Submitted by kicksavedave on October 16, 2007 - 12:25pm.

Pre fab aluminium can be cheaper than wood if you use a pre made kit that doesn't allow for customization. If you need a specific size or shape and a pre made aluminium kit won't work, customizing aluminum to fit your needs can get more expensive than using wood. Good wood, with proper treatment, will resist rot for a very long time. Some people love natural wood, others don't care.

I don't recommend doing it your self, much of the job is a two person effort, especially if you use larger wood. Hoisting a 20' 4x12 frame member 12 feet up in the air is not easy by your self.

Also there are plenty of codes that need to be followed, not the least of which is how you mount the ledger to your house. Mess that up and the problems are immense.

Another thing, your cost will vary depending on if you get a licensed contractor who gets a permit, or a free lance carpenter guy who doesn't get a permit. Its your choice, but I think the risk of potentially having to tear it all apart and start over outweighs any potential savings.

Submitted by Alex_angel on October 16, 2007 - 12:58pm.

Permit? I never thought about thought. Is this a permit required type job?

Submitted by kicksavedave on October 16, 2007 - 1:25pm.

In San Diego county, as long is its above a certain size, yes it needs a permit. The limit, with certain exceptions, is 300 sq ft of roof area, or 12 feet above grade. 12x20 would be 240 sq ft, so that might not need a permit. There are also special rules for certain coastal zones. So to be sure, you need to research SD patio cover codes, which you can find here:

By the way, the process for obtaining a permit for a custom patio cover, is a mega PITA. If you use the county's plans for a patio cover, you can get approval for a "no plan permit" which is easier, but still not fun. Count on 3 trips to city hall downtown to get through the process. Long live bureaucracy.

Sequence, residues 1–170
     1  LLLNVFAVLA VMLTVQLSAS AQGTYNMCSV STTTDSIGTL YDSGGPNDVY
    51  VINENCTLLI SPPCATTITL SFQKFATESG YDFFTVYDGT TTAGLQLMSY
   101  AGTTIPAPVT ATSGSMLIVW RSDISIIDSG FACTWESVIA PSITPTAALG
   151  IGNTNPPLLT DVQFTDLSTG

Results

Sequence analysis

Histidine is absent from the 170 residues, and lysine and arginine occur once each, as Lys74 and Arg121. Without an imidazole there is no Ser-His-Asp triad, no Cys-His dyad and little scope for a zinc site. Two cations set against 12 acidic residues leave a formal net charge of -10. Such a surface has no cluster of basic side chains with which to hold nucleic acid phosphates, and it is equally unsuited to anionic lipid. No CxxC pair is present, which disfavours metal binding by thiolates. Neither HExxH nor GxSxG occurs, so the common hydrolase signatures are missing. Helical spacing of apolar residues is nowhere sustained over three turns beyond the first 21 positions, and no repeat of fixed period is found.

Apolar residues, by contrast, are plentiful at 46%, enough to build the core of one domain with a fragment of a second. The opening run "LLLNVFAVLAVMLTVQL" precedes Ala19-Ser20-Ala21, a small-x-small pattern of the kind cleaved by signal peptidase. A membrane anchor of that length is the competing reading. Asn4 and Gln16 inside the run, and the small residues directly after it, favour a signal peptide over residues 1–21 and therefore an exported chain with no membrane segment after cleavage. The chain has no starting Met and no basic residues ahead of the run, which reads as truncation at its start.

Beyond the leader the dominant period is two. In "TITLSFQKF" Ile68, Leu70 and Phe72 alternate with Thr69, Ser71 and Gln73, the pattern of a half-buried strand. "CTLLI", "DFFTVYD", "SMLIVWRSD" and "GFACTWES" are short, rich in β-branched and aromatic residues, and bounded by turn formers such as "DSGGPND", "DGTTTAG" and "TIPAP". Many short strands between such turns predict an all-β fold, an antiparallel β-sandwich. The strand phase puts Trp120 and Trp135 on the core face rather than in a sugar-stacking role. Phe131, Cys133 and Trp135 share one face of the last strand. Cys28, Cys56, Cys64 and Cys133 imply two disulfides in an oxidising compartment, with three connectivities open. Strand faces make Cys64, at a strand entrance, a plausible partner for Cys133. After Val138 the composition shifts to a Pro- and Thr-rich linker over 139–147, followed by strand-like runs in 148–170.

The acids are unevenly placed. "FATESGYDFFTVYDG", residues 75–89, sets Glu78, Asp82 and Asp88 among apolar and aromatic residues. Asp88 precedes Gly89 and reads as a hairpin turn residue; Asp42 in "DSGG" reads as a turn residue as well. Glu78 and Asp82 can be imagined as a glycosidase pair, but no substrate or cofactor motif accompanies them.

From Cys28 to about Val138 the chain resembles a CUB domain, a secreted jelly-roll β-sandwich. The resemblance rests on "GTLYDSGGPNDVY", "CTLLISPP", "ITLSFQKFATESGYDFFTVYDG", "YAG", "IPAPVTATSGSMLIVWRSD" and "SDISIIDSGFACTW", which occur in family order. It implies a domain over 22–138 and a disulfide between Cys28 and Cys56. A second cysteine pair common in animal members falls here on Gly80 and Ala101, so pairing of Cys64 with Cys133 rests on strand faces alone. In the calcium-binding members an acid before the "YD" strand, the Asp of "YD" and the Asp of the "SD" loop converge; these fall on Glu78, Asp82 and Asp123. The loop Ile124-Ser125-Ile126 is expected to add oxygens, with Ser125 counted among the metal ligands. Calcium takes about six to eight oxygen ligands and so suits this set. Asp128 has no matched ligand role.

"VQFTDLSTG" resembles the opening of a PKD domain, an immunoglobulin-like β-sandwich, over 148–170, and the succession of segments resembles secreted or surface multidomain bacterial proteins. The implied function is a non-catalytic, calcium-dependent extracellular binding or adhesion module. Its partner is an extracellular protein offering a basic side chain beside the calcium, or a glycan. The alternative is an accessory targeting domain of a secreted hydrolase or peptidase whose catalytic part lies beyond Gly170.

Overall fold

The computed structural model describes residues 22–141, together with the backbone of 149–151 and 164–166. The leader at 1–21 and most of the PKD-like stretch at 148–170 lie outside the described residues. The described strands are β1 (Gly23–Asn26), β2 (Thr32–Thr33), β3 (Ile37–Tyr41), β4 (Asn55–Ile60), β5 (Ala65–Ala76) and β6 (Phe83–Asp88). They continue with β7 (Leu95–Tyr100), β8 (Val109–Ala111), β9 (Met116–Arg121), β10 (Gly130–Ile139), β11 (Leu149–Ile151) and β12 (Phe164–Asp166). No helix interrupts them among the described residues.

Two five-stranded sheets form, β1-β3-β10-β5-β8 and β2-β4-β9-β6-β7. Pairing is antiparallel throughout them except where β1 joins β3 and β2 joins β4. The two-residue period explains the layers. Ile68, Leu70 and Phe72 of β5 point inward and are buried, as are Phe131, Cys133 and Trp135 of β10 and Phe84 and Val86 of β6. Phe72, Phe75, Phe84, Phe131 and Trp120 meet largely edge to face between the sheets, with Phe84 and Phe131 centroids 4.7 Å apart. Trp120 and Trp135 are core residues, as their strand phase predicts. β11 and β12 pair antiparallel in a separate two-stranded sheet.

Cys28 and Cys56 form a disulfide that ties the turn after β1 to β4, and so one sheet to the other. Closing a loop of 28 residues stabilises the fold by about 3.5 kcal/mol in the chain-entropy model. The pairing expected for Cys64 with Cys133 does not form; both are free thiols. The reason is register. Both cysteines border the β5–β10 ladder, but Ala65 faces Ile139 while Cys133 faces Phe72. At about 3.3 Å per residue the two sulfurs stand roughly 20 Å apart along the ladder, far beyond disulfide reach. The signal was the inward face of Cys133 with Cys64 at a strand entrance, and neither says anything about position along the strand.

Submitted by Alex_angel on October 17, 2007 - 9:28am.

KSD. Great info! Thanks. This is a home in 4S ranch so I believe being Rancho Bernardo that it falls into SD County. As for total quare footage, that is TBD. I presume going through a contractor that they would know the code etc...? Of course I am talking about a BBB licensed guy and not those guys that hang out behing Home Depot.

Submitted by sdduuuude on October 17, 2007 - 11:11am.

For the top, I like this stuff they sell at home depot - I think it is called Sun Tuff.

It is a corrugated polycarbonate material so it keeps the rain off, but they have clear, opaque and dark colors so you can have a covered patio that lets as much light through as you like with 100% UV blockage.

If you have white window trim, the white opaque is quite nice and will match your house.


Submitted by gzz on April 7, 2013 - 1:32pm.

Home Depot has some nice ones on display right when you walk in for well under $1000.

Has anyone considered this?

I could not find anything about needing a permit for a pergola that does not have any side walls in the sd city website. Also no records from people seeking permits.

I like the idea of a slatted one that has a semi clear top that blocks UV rays and most rain but allows half the light in. Together with the wood slats that would be a nice 75% shade.